Recently, the report released by World Meterological Organisation (WMO) has found that the rate of sea level rise has doubled in 2013-22 compared to 1993-2002 at presently 4.62mm/year. This accelerated sea level rise presents potentially disastrous consequences for the weather, agriculture, the extant groundwater crisis, and social disparities.
The reasons behind the accelerated sea-level rise are following:
- Ocean Warming: increase in temperature of the Earth’s oceans due to the absorption of heat from greenhouse gases in the atmosphere, primarily from fossil fuel consumption.
- Loss of glaciers and ice sheets: The melting of these bodies due to global warming. Iceberg A-81 broke off from the Brunt Ice Shelf recently.
- Changes in land water storage: Human Activities such as pumping of ancient groundwater from deep aquifers, drive more water into the ocean and cause additional sea-level rise.
The long term consequences of rising sea levels could be:
- Social: Rising sea levels can force people who live in low-lying coastal areas to relocate, which can result in social, economic, cultural disruptions and widened social gaps.
- Environmental: It will cause changes in the land cover in area beside the sea due to coastal flooding. Rising sea will swallow more land due to erosion, which will lead to land scarcity for the communities living in the coastal area.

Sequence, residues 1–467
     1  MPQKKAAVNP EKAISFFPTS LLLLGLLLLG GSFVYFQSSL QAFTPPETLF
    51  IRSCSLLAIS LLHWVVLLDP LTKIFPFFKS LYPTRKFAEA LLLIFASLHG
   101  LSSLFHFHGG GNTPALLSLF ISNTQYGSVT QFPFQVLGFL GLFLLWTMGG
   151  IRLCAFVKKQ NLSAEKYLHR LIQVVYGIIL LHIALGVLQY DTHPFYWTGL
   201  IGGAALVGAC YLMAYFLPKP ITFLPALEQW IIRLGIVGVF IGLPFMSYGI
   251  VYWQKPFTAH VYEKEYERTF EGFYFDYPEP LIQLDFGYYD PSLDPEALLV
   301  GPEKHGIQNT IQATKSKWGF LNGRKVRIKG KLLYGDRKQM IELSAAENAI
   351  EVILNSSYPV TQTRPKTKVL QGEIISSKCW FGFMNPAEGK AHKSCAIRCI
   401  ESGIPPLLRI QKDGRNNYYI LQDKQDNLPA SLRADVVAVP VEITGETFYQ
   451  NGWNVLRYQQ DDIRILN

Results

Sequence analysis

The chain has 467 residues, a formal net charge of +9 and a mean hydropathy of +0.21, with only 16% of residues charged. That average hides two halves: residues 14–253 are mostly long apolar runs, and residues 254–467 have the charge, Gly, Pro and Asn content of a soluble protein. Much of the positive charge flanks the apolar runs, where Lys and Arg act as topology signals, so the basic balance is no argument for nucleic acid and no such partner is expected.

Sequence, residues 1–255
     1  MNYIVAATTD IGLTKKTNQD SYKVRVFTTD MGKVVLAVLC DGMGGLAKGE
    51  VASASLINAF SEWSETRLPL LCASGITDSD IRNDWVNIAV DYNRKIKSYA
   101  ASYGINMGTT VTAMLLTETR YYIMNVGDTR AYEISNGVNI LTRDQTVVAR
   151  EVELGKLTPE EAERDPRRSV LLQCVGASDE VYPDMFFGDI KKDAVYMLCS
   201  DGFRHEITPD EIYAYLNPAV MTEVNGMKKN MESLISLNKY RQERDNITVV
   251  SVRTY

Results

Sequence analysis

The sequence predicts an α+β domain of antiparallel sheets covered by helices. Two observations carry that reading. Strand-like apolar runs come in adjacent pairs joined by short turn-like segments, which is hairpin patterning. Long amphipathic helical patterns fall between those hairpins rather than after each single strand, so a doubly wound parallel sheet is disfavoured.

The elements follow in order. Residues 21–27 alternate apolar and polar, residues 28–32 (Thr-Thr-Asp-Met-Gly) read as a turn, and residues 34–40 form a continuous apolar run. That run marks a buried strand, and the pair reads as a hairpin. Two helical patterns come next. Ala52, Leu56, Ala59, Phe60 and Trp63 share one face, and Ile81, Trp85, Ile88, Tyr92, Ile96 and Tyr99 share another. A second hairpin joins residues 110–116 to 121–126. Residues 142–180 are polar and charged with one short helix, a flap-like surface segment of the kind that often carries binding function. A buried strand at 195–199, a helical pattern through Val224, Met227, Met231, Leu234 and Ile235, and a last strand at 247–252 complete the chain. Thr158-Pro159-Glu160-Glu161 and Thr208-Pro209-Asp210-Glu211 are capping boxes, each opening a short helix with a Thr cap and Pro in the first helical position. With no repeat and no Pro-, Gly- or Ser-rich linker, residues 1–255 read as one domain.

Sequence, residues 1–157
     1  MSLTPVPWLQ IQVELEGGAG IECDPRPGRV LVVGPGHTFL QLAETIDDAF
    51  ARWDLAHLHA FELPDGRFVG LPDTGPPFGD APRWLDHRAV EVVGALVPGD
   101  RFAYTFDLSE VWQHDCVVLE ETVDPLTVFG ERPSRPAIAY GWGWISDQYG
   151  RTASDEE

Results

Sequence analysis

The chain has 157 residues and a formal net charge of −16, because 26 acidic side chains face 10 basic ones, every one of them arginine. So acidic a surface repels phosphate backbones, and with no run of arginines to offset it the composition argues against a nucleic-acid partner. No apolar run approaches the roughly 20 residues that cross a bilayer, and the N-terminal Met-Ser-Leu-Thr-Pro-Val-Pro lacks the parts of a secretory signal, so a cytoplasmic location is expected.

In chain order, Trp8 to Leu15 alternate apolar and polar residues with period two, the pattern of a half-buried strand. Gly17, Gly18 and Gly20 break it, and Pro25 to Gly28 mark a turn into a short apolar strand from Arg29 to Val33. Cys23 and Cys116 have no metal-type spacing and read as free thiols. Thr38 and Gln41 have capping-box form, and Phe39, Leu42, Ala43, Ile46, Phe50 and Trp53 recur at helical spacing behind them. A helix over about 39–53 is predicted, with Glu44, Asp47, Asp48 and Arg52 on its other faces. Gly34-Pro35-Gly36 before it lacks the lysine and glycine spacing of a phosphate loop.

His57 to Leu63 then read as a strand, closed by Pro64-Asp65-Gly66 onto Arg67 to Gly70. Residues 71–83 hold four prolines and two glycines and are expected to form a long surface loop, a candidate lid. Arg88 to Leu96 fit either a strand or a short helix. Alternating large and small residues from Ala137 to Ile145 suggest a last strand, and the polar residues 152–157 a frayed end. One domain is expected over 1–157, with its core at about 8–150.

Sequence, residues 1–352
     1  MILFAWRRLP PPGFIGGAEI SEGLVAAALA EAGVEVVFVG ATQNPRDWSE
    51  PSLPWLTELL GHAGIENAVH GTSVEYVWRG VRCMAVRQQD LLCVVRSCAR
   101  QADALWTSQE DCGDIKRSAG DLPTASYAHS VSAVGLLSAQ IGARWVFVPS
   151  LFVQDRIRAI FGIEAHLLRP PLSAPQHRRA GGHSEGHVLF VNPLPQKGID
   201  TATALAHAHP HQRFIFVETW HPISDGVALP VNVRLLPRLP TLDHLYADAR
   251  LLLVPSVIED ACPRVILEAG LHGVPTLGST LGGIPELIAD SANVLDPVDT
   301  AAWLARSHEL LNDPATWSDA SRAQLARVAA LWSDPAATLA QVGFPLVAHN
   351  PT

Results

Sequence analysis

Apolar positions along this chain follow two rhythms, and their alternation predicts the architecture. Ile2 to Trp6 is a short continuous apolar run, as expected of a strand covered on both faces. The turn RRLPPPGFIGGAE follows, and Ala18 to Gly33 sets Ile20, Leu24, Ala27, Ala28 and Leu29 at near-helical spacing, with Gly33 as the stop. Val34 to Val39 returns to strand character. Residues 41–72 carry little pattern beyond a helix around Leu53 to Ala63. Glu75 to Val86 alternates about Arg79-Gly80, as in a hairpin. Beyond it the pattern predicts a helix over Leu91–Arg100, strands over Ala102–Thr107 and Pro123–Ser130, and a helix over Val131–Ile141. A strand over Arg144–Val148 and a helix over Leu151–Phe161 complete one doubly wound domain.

- Climate Change: Rising sea levels can lead to more frequent and intense storms, hurricanes, and other extreme weather events, which can cause additional damage and exacerbate the impacts of sea level rise. West Bengal and Odisha are already highly vulnerable to such cyclones.
- National Security: Sea level rise can also pose national security risks, such as increased vulnerability of military bases and coastal infrastructure to flooding and erosion.
- Ecological: The coastal ecosystem and habitat such as mangroves, salt marshes and coral reefs will be impacted. These natural ecosystem provide important ecosystem services, such as coastal protection, habitat for marine life, and carbon storage.
- Agricultural: As sea levels rise, saltwater can intrude into freshwater sources, such as rivers and aquifers, and contaminate drinking water supplies and agricultural lands. This will aggravate the present water crisis in urban coastal cities like Chennai.
In short-term, adaptation measures like building sea walls, elevating homes and relocating critical infrastructure away will help reduce the impact. However, in long term the western countries must come together to reduce emissions which will help slow down the pace of sea level rise. The international community has an important role to play in this effort, and cooperation and collaboration will be crucial in achieving meaningful progress.